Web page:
Our reliability on technology has now breached into mainstream access for medical intervention, and the trend is probably here to stay. Virtual medicine is the new kid on the block for pioneering medical providers. These are providers who see the transformation to occur with how medical services are implemented and accessed by the public. Roughly 400,000 patients will have experienced direct virtual checkups rather than routine walk-ins by the end of 2015. The future expectation for these technological interventions in medicine is to rise substantially with a new infrastructure.
This new, virtual medicine acts as a mediator for patients with mobility or travel issues but who need to receive medical care or a hospital visit. This system can truly be a revolutionary aide for immobile patients and those seeking consultation and advice more so than treatment or surgery.
The question arising is how will a computed service be managed to ensure qualified personnel are the ones making final decisions for the care of Americans and not machines. The full-fledge reliant on a digital system to treat the ill is like a movie plot from the Terminator no medical facility can adopt.
This is why a virtual medical component needs a few managerial pieces to run and operate properly. The integration of this process requires a direct line of communication between the virtual assistant, comprised of various products, medical professionals or modules used to broadcast, and a patient’s doctor.
Information and diagnoses accessible for further evaluation by a patient’s physician provides checks and balances to reports issued by virtual care. The potential for a patient’s checkup to get lost, misrepresented or simply not recorded are best subsided with the additional human input required for oversight. This system will not run all on it own thankfully.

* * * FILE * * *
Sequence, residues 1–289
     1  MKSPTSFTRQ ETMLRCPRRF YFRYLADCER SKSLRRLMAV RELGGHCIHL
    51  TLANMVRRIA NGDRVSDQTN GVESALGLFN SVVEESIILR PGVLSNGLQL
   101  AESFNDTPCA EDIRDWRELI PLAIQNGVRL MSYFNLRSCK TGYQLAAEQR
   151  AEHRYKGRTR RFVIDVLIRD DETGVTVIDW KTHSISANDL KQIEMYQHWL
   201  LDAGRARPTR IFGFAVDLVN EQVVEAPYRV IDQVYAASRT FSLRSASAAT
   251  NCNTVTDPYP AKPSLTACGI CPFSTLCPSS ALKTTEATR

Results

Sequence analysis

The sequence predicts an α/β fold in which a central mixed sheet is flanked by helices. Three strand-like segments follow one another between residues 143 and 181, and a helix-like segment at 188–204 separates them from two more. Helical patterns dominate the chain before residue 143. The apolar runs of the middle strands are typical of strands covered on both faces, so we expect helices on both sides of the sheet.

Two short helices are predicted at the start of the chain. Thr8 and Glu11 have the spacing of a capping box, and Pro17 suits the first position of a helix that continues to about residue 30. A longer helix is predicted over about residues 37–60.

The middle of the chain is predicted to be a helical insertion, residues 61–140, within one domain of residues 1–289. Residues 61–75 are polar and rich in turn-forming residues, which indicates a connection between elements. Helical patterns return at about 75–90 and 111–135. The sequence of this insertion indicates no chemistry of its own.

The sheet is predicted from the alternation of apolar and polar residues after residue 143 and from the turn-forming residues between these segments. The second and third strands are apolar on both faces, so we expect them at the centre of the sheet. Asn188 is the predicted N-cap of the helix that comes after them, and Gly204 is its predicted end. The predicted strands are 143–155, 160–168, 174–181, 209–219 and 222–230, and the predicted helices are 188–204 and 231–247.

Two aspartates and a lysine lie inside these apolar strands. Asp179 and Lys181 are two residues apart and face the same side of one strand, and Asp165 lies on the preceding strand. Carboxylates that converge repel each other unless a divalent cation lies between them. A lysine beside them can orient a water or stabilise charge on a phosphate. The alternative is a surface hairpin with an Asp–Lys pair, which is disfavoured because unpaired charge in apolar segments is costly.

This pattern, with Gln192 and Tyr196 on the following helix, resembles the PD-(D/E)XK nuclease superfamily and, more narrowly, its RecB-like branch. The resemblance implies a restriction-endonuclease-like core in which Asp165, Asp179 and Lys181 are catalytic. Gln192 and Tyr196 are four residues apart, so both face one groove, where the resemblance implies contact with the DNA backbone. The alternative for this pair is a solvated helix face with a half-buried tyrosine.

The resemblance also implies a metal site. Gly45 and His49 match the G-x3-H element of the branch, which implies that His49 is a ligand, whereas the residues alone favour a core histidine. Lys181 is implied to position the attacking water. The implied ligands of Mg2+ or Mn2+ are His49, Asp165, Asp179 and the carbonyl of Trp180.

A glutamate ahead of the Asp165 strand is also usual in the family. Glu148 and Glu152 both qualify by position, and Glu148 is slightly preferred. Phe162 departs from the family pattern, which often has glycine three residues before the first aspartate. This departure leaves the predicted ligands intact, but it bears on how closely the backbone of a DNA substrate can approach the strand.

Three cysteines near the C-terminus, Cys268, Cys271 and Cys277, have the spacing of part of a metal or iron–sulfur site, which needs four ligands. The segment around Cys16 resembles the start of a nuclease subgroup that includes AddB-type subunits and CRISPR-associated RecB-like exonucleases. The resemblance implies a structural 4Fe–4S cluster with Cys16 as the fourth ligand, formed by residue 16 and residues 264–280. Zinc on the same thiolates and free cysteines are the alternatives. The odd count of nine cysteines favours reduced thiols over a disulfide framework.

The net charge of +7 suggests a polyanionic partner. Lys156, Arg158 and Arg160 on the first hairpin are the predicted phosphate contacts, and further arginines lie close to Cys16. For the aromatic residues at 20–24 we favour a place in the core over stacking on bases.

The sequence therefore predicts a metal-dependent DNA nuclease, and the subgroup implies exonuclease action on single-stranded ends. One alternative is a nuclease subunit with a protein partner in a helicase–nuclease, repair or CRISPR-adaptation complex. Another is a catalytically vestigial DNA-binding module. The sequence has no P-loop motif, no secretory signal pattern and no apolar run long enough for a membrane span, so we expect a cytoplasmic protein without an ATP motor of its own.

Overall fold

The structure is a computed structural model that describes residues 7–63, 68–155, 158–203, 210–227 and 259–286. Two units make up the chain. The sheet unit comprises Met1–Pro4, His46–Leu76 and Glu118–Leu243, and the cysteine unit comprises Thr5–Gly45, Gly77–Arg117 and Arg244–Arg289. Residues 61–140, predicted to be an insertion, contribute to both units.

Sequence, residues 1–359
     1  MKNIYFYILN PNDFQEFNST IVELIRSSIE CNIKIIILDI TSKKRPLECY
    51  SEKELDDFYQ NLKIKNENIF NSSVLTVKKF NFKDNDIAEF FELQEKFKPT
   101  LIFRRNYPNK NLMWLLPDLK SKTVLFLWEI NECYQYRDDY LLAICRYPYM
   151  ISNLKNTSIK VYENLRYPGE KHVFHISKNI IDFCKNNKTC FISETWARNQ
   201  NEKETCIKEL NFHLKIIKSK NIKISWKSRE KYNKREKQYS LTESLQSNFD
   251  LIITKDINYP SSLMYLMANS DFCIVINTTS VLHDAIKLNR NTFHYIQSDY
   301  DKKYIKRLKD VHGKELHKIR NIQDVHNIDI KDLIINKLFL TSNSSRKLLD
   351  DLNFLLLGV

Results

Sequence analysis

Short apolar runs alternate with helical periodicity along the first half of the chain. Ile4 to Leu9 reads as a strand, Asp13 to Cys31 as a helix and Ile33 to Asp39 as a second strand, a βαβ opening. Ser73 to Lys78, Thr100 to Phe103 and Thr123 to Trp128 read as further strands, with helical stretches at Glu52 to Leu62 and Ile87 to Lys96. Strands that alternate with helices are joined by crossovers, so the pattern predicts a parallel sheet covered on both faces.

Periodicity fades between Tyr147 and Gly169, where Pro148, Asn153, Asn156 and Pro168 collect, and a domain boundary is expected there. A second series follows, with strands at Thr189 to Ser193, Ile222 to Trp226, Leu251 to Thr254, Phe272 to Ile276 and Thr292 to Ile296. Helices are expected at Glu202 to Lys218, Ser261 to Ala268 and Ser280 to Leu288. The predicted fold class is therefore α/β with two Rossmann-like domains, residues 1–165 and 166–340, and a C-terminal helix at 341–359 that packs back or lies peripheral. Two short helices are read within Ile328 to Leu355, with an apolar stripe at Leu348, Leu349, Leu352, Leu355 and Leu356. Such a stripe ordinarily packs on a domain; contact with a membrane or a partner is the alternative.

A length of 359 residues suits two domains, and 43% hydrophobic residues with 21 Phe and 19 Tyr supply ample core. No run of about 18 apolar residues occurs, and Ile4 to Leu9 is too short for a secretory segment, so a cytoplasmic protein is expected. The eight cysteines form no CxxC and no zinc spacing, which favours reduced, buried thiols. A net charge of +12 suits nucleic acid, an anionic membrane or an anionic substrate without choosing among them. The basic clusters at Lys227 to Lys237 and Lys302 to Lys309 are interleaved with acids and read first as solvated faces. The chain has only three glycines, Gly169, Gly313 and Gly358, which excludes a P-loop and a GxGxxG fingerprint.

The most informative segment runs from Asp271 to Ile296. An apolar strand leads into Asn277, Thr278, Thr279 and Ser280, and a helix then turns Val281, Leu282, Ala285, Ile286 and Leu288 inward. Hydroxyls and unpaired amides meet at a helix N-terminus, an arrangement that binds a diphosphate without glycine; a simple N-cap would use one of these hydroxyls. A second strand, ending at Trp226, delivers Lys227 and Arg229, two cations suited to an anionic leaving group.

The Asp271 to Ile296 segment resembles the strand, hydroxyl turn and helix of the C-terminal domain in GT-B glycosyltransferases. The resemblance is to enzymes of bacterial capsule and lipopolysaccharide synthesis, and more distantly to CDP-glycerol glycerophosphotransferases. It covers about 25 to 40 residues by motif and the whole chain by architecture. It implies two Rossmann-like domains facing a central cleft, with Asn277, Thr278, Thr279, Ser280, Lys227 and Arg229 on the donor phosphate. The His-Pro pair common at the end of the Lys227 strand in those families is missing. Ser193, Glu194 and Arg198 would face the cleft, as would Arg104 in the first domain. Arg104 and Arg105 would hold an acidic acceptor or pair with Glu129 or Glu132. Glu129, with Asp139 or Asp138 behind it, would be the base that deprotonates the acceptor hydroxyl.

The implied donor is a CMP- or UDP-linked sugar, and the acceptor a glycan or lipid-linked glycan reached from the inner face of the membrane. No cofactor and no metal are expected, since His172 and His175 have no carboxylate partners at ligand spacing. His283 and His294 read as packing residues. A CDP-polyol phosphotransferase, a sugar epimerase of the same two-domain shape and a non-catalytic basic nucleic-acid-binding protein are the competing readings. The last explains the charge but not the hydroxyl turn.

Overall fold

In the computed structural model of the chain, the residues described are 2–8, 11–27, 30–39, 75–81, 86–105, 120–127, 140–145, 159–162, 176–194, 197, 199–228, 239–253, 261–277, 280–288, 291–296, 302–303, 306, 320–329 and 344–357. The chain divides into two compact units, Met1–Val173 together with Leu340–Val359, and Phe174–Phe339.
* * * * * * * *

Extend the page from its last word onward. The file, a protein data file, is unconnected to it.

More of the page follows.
Though the technology poses a sense that medicine will be provided by machines, the scope of this advancement is limited to practical areas of use and those that can be monitored. One of which is its accessibility in times of need when those being treated seek help. This comes as guidance or general support for patients entering into a healing or rehabilitation efforts.
It can also advance to become the mediator between a crowded physician’s office and one that minimizes visits to known issues of danger or importance. This will benefit but patients and the offices their physicians practice at.
All that users need for this modern medical access is a monitor and connection. If grandpa or grandma can’t walk, he or she can still speak to a trained medical mediator. The gradual integration of medical services promoted by retailers such as WalMart, CVS or RiteAid have spurred a new kind of health care and diagnosing system that changes how people access medical treatments.
This is a system yet to be evaluated for its full benefit in the lives of Americans, but it is being pushed forward with economic stability and the correct funding for wide distribution. As it stands today, the program for virtual healthcare access is advantageous to geriatrics, patients with mobility issues, and those living long distances from their physician.
By accessing professional medical help via cable connections and video monitors, those in need of treatment can be assessed, aided, and even better encouraged to visit in-house intervention. The system can be used to encourage the ill to communicate better and be proactive about their health concerns.
The expected distribution of this evolving infrastructure is set to reach at least half of Americans upon broader distribution, but the outcomes are unknown. The world is changing and medicine and healthcare are along for the ride.
David Milberg is an investment banker from NYC.